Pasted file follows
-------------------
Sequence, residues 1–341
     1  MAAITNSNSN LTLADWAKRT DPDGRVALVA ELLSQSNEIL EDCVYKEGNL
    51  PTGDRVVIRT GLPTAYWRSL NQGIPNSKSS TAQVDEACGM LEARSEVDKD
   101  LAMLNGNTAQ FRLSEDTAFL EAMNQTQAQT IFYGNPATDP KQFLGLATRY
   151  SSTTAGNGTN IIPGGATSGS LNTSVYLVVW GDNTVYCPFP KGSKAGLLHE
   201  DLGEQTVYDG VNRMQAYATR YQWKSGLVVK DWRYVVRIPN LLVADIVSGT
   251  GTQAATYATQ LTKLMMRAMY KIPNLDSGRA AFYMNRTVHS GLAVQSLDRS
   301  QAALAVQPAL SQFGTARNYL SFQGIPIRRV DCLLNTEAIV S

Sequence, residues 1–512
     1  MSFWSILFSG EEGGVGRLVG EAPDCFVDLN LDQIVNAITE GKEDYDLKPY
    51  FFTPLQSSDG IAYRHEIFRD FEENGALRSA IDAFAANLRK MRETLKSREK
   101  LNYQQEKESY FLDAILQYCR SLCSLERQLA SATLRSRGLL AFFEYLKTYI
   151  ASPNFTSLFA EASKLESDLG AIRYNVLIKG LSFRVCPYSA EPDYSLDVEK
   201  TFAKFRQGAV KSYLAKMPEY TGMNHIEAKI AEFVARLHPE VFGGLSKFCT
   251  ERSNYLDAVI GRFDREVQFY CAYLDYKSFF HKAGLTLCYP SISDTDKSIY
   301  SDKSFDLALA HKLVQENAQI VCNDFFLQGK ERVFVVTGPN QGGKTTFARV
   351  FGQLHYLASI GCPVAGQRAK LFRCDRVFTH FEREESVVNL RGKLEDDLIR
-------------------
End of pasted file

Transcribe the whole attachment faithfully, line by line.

Sequence, residues 1–341
     1  MAAITNSNSN LTLADWAKRT DPDGRVALVA ELLSQSNEIL EDCVYKEGNL
    51  PTGDRVVIRT GLPTAYWRSL NQGIPNSKSS TAQVDEACGM LEARSEVDKD
   101  LAMLNGNTAQ FRLSEDTAFL EAMNQTQAQT IFYGNPATDP KQFLGLATRY
   151  SSTTAGNGTN IIPGGATSGS LNTSVYLVVW GDNTVYCPFP KGSKAGLLHE
   201  DLGEQTVYDG VNRMQAYATR YQWKSGLVVK DWRYVVRIPN LLVADIVSGT
   251  GTQAATYATQ LTKLMMRAMY KIPNLDSGRA AFYMNRTVHS GLAVQSLDRS
   301  QAALAVQPAL SQFGTARNYL SFQGIPIRRV DCLLNTEAIV S

Sequence, residues 1–512
     1  MSFWSILFSG EEGGVGRLVG EAPDCFVDLN LDQIVNAITE GKEDYDLKPY
    51  FFTPLQSSDG IAYRHEIFRD FEENGALRSA IDAFAANLRK MRETLKSREK
   101  LNYQQEKESY FLDAILQYCR SLCSLERQLA SATLRSRGLL AFFEYLKTYI
   151  ASPNFTSLFA EASKLESDLG AIRYNVLIKG LSFRVCPYSA EPDYSLDVEK
   201  TFAKFRQGAV KSYLAKMPEY TGMNHIEAKI AEFVARLHPE VFGGLSKFCT
   251  ERSNYLDAVI GRFDREVQFY CAYLDYKSFF HKAGLTLCYP SISDTDKSIY
   301  SDKSFDLALA HKLVQENAQI VCNDFFLQGK ERVFVVTGPN QGGKTTFARV
   351  FGQLHYLASI GCPVAGQRAK LFRCDRVFTH FEREESVVNL RGKLEDDLIR